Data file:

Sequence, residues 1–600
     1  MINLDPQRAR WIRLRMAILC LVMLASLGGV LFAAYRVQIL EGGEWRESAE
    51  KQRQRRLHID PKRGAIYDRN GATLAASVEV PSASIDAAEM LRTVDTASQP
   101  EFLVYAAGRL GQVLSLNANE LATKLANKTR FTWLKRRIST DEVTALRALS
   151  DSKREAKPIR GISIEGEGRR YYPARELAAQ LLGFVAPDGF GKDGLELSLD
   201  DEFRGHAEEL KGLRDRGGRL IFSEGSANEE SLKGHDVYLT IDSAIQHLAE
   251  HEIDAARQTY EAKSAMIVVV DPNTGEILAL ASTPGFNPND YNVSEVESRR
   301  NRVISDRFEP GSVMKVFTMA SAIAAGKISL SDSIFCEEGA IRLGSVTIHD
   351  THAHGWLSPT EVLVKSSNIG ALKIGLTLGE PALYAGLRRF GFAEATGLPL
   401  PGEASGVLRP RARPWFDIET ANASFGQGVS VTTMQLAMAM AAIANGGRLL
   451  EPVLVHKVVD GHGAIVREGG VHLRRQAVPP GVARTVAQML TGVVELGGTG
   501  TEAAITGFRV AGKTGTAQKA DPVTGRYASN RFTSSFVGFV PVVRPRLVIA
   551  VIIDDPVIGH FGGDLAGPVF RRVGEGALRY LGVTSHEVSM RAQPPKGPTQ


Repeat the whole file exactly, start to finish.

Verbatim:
Sequence, residues 1–600
     1  MINLDPQRAR WIRLRMAILC LVMLASLGGV LFAAYRVQIL EGGEWRESAE
    51  KQRQRRLHID PKRGAIYDRN GATLAASVEV PSASIDAAEM LRTVDTASQP
   101  EFLVYAAGRL GQVLSLNANE LATKLANKTR FTWLKRRIST DEVTALRALS
   151  DSKREAKPIR GISIEGEGRR YYPARELAAQ LLGFVAPDGF GKDGLELSLD
   201  DEFRGHAEEL KGLRDRGGRL IFSEGSANEE SLKGHDVYLT IDSAIQHLAE
   251  HEIDAARQTY EAKSAMIVVV DPNTGEILAL ASTPGFNPND YNVSEVESRR
   301  NRVISDRFEP GSVMKVFTMA SAIAAGKISL SDSIFCEEGA IRLGSVTIHD
   351  THAHGWLSPT EVLVKSSNIG ALKIGLTLGE PALYAGLRRF GFAEATGLPL
   401  PGEASGVLRP RARPWFDIET ANASFGQGVS VTTMQLAMAM AAIANGGRLL
   451  EPVLVHKVVD GHGAIVREGG VHLRRQAVPP GVARTVAQML TGVVELGGTG
   501  TEAAITGFRV AGKTGTAQKA DPVTGRYASN RFTSSFVGFV PVVRPRLVIA
   551  VIIDDPVIGH FGGDLAGPVF RRVGEGALRY LGVTSHEVSM RAQPPKGPTQ